Celebrating the Unpopular Arts

John D. MacDonald – SF writer?

The late, great John D. MacDonald is perhaps best known as the writer of many well-received psychological and suspense thrillers and, especially, the series of “men’s adventure” novels starring the popular character Travis McGee. But this post has nothing to do with that – if for no other reason than Greg Hatcher is the Junk Shop’s resident expert on that aspect of MacDonald’s body of work.

Nope, here I wanted to briefly touch on the oft-overlooked fact that MacDonald was also quite a prolific writer of science fiction, especially when he was first starting out as a writer. In fact, back in the 1940s and early 1950s, you would have been just as likely to see his name gracing the cover of a science fiction magazine as the cover of a detective or mystery magazine.

He had two stories in that issue of Super Science Stories, by the way, as ‘Peter Reed’ was one of his pseudonyms (the other was John Wade Farrell). Usually he used one of those names if more than one of his stories appeared in a single issue of a magazine.

Last summer, after reading the last few Travis McGee novels, I decided to move on to MacDonald’s science fiction oeuvre. I started out with his copious output for the pulp magazines. He wrote dozens (well over 40) short stories and novellas (which were called ‘novels’ in the pulp magazines; longer short stories were also referred to as ‘novelets’ or ‘novelettes’). Thanks to the Internet Archive, I’ve read most of them, since there are scans of tons of pulp magazines from the ’20s through the ‘50s posted there. (It takes a bit of digging – I used the Internet Speculative Fiction Database for a listing of MacDonald’s short stories, then went to the Internet Archive’s Pulp Magazine rack to track down the individual magazines.)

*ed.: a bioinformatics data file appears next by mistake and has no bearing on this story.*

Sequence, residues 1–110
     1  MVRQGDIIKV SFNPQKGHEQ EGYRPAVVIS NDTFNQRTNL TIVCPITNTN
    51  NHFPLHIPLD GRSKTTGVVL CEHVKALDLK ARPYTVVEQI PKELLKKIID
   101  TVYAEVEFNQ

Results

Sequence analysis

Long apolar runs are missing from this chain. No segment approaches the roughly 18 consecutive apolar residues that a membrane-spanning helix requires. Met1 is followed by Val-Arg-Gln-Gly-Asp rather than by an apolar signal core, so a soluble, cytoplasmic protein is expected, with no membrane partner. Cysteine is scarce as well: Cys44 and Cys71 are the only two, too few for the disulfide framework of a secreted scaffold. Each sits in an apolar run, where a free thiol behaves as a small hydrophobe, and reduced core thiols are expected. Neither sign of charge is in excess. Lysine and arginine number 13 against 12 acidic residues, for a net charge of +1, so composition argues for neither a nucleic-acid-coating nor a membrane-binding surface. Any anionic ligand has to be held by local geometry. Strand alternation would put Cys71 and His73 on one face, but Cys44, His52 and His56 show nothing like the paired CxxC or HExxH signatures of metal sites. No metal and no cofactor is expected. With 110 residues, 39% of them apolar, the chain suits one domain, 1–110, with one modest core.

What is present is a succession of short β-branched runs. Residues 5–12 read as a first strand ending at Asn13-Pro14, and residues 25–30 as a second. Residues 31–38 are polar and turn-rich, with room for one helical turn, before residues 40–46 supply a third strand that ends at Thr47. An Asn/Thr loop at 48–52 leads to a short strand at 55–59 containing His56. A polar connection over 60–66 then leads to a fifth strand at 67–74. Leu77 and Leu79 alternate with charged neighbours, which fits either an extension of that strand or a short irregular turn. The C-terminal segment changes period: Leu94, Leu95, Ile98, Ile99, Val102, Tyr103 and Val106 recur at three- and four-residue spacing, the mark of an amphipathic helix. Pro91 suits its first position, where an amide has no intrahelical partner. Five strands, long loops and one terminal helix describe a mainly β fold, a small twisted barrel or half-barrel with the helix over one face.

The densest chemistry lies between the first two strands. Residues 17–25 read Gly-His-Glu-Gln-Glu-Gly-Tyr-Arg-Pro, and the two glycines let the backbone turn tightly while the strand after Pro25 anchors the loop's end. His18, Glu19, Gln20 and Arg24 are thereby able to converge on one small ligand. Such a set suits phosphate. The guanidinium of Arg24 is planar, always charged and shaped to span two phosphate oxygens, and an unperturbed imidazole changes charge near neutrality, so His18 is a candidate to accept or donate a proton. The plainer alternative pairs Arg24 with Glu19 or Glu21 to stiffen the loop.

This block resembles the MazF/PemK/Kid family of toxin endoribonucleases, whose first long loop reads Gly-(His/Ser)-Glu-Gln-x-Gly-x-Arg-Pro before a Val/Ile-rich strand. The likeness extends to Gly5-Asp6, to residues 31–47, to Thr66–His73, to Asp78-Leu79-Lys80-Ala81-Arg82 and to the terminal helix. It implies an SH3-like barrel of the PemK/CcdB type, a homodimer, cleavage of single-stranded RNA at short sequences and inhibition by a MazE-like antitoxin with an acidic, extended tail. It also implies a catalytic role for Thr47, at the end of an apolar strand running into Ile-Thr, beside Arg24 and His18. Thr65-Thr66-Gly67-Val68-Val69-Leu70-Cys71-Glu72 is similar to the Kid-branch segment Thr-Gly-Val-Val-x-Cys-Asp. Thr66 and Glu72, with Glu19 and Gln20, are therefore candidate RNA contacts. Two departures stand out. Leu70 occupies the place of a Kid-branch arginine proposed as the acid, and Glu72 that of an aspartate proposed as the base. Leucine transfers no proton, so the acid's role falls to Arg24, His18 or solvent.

Thematically, MacDonald was all over the place. His stories ran the gamut of standard science fiction tropes like the development of FTL space travel, colonization of other worlds, alien invasions, technological advancements and their consequences (like apocalyptic wars), mind-reading and thought control, time travel, alternate universes, and everything in between. His writing style varied as well: normally he played it really straight, but a number of his stories have a pleasantly humorous tone.

I found one of his earlier stories, “The Mechanical Answer” (published in the May 1948 issue of Astounding Science Fiction) particularly interesting, in that it posits the possibility of artificial intelligence, and also anticipates some of the debates on the topic we’re still having today.

Most of his novellas are really good; two in particular that I liked are “Shadow in the Sand” (from the October 1950 issue of Thrilling Wonder Stories) and “Hand from the Void” (from the January 1951 issue of Super Science Stories). The first involves a malevolent race from an alternate dimension that sends agents to Earth as a precursor to conquest. I found this one fascinating because MacDonald wove in some interesting political themes, like how authoritarian regimes and empires sustain themselves.

The other dimensional spies basically come to Earth via wormhole (although it’s not called that in the story)

“Hand from the Void” also involves political intrigues, this time by a galactic authority that’s manipulating events on Earth. Among other things, here MacDonald touches on a theme that comes up in several of his stories, i.e., the idea that humankind’s technological development has outpaced its emotional maturity, i.e., human nature is still stuck in the Paleolithic. Both stories really seem relevant to this day.